Wednesday, October 28, 2015

Review of "Egypt: Faith After the Pharaohs"

MUSEUM EXHIBITION: Egypt: Faith After the Pharaohs review – a magical dig into the past. 5 / 5 stars British Museum, London With its miraculously preserved ancient objects – precious texts, gleeful art, children’s toys – Neil MacGregor’s last hurrah gets close to solving the mystery of religion itself (Jonathan Jones, The Guardian). A positive review of what sounds like an excellent exhibition. The review itself is generally informative but has a couple of errors.
Trying to understand North Africa or the Middle East without somehow going to the heart of faith is like trying to read a book in a language you don’t understand. This exhibition begins with books that are indeed written in languages I don’t understand: Hebrew, Greek and Arabic. They are some of the most precious religious manuscripts on Earth, laid side by side here,just as the communities they speak to have lived side by side in Egypt for millennia. A ninth/10th-century Jewish Bible, with bright abstract illuminations among the handwritten Hebrew letters, sits near the Codex Sinaiticus – the oldest complete Christian New Testament in the world, made at the Monastery of St Catherine in Sinai in the mid-fourth century AD (that is, under the Roman empire). Nearby is a gorgeous page from an eighth-century copy of the Qur’an, created a century after Egypt was conquered by Islam.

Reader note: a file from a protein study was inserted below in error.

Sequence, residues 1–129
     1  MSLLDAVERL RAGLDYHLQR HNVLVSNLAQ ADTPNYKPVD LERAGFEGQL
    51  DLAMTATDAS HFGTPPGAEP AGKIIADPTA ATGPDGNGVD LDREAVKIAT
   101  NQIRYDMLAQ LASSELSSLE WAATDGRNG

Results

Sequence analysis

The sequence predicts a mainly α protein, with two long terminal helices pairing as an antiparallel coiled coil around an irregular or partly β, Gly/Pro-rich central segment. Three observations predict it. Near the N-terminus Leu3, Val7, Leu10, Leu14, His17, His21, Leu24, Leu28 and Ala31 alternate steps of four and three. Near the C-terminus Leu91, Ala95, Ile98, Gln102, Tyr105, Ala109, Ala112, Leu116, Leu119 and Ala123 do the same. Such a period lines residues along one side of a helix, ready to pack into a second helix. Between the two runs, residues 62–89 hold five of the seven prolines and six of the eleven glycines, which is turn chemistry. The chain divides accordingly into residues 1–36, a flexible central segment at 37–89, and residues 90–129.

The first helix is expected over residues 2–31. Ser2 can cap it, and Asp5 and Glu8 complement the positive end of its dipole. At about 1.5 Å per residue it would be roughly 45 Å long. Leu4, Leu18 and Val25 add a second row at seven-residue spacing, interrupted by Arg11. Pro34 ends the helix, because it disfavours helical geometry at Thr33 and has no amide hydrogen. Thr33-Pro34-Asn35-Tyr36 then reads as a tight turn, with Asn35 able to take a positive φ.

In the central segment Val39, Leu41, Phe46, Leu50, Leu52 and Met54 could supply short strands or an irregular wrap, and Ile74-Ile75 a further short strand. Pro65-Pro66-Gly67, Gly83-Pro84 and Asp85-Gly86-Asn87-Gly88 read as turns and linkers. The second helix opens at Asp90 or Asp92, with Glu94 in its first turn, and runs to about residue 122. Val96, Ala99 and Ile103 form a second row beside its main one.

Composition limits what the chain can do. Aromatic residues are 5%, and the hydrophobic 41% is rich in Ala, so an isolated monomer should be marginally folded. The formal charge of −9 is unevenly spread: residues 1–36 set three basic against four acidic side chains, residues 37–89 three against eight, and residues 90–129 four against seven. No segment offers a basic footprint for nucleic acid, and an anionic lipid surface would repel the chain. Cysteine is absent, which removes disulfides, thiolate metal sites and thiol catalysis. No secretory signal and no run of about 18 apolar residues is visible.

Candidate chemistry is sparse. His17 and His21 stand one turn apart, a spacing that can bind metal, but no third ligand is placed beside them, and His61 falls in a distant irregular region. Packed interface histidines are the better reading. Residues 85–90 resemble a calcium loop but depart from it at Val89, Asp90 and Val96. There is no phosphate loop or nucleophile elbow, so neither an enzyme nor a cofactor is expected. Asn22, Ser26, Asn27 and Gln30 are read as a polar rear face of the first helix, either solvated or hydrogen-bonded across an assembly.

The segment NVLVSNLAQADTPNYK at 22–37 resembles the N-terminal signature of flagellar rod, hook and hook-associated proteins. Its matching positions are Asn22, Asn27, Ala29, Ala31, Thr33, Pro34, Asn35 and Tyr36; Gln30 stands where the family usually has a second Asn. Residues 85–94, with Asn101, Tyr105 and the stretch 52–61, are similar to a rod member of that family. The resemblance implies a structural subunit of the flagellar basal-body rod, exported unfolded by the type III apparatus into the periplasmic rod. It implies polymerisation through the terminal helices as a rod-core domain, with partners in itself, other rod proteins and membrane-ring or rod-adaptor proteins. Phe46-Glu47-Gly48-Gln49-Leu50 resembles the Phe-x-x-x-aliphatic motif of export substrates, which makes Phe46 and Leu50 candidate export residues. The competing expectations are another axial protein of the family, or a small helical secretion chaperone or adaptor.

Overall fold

The Codex Sinaticus was not "made" at St Catherine's Monastery, although it was housed there for a long time. The manuscript was written at an unknown location in the fourth century, while the monastery was not founded until the sixth century (although there was a chapel there as early as the fourth century).
Among these strange gods there was also one god – Jehovah. Jews had a long history in Egypt, according to the Bible, but as Simon Schama points out in his book The Story of the Jews their real, tangible history is first documented by those magically preserved Egyptian papyri – such as a letter exhibited here from the Roman emperor Claudius, in which he tells locals not to worship him as a god and instructs them to tolerate the Jews.
The name "Jehovah" is an error promulgated by Renaissance Christian Hebraists who misunderstood that the consonantal Hebrew text of the the name of God, YHWH, was written with the vowels for the Hebrew word "My Lord" ('Adonay) in the Masoretic Text of the Hebrew Bible. This was to indicate to the reader that the name should be pronounced 'Adonay. Move the misunderstanding into Latin and you get "Jehovah." Ancient Egyptian Jews and those they influenced generally referred to this God as Yahu or Yaho (in Aramaic) or IAO (in Greek).

More on the exhibition is here and links. The Elephantine papyri are the earliest Egyptian papyri dealing with Jews, on which more here, here, and links.